To this end, the rules prescribe that Excluded Entities include entities that (i) are at least 95% owned (directly or indirectly) by Excluded Entities, operate (almost) exclusively to hold assets of investment funds (pure holding vehicles) and only carry out activities that are ancillary to the activities of the Investment Fund, or (ii) are at least 85% owned (directly or indirectly) by Excluded Entities provided that substantially all of the entity’s income is Excluded Dividends or Equity Gain or Loss.
Treatment of Investment Funds with an MNE
The GloBE rules recognize that Investment Funds may use special purpose vehicles to hold assets or to make certain investments that therefore become part of the Fund infrastructure and should be treated as part of the Excluded Entity. To this end, the rules prescribe that Excluded Entities include entities in a manner similar to the above.
The hope is that the 2022 Commentary will provide further details and guidance for situations where (i) an Investment Fund holds a controlling stake in an MNE Group that otherwise exceeds the consolidated revenue threshold (€ 750m) and (ii) is an Investment Fund is controlled by a Constituent Entity of an MNE Group that is not an Excluded Entity. The Model Rules offer the option for a Filing Constituent Entity to not treat an Entity as an Excluded Entity.
The Model Rules specifically lists Real Estate Investment Vehicles as Excluded Entities and furthermore clearly define special purpose vehicles that are covered under the Excluded Entity definition.
A GloBE Information Return needs to be filed by either the Constituent Entity in a jurisdiction or a Designated Local Entity acting on its behalf. There is an alternative whereby the Ultimate Parent Entity or a Designated Filing Entity can lodge a return if they are located in a jurisdiction that has a Qualifying Competent Authority Agreement in place for that Reporting Fiscal Year.
The GloBE Information Return needs to be lodged within 15 months of the GloBE Reporting Year.
The information contained in the return will be in a standard form which is to be developed but would include:
- Identification of the Constituent Entities and their location;
- The overall corporate structure of the MNE Group;
- Information necessary to compute the Effective Tax Rate for each jurisdiction, the top-up tax for each Constituent Entity and members of a JV Group;
- The allocation of top-up tax to the IIR and the UTPR;
- Record of any elections made;
- Other information agreed as part of the GloBE Implementation Framework.
There is an ability for local administrations to modify the information, filing and notification requirements. Local sanctions, penalties and confidentiality provisions will apply.
Administrative Guidance will be developed which will be subject to any requirements of domestic law.
The Model Rules include essentially a placeholder for the future development of “Safe Harbors”, which are intended to reduce the administrative burden of the GloBE Rules on MNEs Groups.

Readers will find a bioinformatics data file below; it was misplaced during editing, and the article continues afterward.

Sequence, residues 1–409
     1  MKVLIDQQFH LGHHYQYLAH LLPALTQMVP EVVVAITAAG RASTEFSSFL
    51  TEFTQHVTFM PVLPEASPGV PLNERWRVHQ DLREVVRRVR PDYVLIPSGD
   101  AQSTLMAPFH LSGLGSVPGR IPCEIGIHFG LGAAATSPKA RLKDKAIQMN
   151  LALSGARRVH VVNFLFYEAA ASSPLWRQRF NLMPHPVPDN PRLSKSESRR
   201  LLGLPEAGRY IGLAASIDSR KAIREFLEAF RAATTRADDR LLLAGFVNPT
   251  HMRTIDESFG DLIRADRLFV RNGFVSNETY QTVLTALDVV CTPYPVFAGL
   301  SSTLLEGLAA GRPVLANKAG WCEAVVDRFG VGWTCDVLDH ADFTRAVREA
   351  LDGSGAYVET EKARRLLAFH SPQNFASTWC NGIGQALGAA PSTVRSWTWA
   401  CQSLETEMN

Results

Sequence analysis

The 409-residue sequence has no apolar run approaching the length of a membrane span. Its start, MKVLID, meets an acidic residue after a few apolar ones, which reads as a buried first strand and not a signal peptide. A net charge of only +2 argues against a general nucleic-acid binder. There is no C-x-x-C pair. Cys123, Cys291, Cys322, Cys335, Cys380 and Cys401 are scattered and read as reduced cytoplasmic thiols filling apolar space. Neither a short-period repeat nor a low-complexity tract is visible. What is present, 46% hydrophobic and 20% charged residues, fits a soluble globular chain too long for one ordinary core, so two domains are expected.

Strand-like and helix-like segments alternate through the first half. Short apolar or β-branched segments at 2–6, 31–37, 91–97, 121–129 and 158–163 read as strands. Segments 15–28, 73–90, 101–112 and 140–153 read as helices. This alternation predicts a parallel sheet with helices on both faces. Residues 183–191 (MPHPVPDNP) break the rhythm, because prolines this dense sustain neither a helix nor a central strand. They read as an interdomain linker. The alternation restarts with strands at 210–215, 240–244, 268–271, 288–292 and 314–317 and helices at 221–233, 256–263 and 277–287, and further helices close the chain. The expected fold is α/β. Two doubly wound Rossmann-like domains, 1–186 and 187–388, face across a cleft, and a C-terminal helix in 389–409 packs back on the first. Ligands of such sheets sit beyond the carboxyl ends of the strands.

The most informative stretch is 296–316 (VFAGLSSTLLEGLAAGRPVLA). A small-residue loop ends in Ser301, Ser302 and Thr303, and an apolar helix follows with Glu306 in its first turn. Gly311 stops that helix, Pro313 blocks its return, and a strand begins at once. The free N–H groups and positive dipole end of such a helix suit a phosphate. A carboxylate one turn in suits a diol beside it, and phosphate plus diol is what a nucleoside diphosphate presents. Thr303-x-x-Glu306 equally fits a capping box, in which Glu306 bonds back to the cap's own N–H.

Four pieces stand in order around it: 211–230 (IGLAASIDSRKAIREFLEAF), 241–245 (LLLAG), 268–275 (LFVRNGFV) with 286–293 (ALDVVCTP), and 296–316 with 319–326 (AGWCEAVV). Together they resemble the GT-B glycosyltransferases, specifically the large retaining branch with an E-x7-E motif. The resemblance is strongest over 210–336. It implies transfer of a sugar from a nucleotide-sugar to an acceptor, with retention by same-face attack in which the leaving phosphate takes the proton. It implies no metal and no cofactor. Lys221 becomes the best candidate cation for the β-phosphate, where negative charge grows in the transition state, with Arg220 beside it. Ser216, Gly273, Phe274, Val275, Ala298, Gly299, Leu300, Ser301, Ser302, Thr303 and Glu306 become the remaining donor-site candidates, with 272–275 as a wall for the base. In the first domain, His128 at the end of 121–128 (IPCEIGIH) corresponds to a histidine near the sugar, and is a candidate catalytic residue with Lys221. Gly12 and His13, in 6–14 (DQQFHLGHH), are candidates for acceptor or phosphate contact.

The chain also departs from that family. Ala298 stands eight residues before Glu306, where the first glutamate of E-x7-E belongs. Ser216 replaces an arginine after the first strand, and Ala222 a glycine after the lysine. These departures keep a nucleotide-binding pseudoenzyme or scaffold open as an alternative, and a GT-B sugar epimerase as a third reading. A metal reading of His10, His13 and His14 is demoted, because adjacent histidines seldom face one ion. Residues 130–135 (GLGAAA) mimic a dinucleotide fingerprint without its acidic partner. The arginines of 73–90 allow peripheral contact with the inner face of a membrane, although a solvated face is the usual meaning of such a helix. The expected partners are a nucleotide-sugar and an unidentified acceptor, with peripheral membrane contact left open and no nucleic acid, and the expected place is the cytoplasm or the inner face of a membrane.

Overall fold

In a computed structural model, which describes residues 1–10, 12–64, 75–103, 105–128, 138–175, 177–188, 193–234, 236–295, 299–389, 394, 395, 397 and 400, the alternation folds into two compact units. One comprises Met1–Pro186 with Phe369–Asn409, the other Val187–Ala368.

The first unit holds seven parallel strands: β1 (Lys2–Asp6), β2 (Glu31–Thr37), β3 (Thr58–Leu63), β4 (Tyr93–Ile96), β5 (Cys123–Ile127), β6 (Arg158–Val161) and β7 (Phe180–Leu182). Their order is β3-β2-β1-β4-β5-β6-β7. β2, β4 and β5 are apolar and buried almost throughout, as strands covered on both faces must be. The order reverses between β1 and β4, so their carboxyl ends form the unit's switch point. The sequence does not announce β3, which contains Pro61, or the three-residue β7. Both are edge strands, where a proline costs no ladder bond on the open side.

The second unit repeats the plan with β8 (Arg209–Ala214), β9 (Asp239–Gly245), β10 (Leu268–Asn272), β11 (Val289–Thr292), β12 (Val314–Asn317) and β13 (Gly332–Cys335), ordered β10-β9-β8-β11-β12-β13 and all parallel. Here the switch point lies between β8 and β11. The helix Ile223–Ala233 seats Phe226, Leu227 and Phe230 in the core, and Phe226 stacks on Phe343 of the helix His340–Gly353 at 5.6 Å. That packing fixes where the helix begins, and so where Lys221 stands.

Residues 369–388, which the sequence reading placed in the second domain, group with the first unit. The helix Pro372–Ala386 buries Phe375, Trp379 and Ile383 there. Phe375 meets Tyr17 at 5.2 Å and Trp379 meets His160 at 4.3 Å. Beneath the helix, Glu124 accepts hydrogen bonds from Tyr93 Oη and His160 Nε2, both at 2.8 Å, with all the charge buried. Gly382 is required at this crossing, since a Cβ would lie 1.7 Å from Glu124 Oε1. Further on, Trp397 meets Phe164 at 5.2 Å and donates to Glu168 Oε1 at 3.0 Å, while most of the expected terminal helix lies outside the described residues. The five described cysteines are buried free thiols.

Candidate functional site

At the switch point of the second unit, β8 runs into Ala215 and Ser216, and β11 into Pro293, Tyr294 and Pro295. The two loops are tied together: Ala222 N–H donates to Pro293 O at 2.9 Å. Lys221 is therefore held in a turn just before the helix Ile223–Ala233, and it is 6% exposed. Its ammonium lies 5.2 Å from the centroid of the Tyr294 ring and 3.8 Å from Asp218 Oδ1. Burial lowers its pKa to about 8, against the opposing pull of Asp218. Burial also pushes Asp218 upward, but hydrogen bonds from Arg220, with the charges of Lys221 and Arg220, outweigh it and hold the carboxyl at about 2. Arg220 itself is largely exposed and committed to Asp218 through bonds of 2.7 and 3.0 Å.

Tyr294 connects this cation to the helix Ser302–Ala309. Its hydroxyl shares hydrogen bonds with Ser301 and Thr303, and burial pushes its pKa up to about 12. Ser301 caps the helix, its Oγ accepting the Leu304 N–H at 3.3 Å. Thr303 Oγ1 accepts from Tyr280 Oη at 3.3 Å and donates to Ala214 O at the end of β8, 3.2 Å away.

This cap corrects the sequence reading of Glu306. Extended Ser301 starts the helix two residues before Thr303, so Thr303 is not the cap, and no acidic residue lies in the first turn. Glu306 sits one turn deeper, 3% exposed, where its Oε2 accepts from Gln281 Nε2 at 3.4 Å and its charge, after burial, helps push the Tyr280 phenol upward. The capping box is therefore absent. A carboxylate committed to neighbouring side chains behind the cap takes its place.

The to-be-developed Safe Harbor is elective, applies on a jurisdictional basis, and, assuming the MNE is eligible, has the effect of reducing the top-up tax for the relevant jurisdiction to zero in the eligible year. No detail is provided on how the Safe Harbor will be calculated, but possibly it will be based on a simplified jurisdictional effective tax rate calculation, such as leveraging country-by-country reporting information. Notably, even if an MNE is eligible for the Safe Harbor in a jurisdiction and makes the election, it would still be required to supply additional information to certain tax authorities if requested to do so within 36 months of the filing of the GloBE Information Return.
It is envisioned that the Safe Harbors will be finalized as part of the development of the GloBE Implementation Framework.
Implementation process and timeline
In early 2022, the OECD will release the Commentary relating to the model rules and address co-existence with the US Global Intangible Low-Taxed Income or GILTI rules. This will be followed by the development of an Implementation Framework focused on administrative, compliance and co-ordination issues relating to Pillar Two.
The Inclusive Framework is also developing the model provision for a Subject to Tax Rule, together with a multilateral instrument for its implementation, to be released in the early part of 2022. A public consultation event on the implementation framework will be held in February and on the Subject to Tax Rule in March.
|Agreement||Adoption to law||Implementation|
1 July 2021 – Agreement by 130 countries in the IF to a new international tax framework
October 2021 – Detailed implementation plan for both pillars
20 December 2021 – Agreed GloBE rules released for Pillar Two
Early 2022 – release of Commentary on GloBE rules
February 2022 – Public Consultation on Implementation Framework
March 2022 – Public Consultation on the STTR
Mid 2022 – A model treaty provision to give effect to the STTR together with Commentary will be developed as will a multilateral instrument to faciliatate adoption of the STTR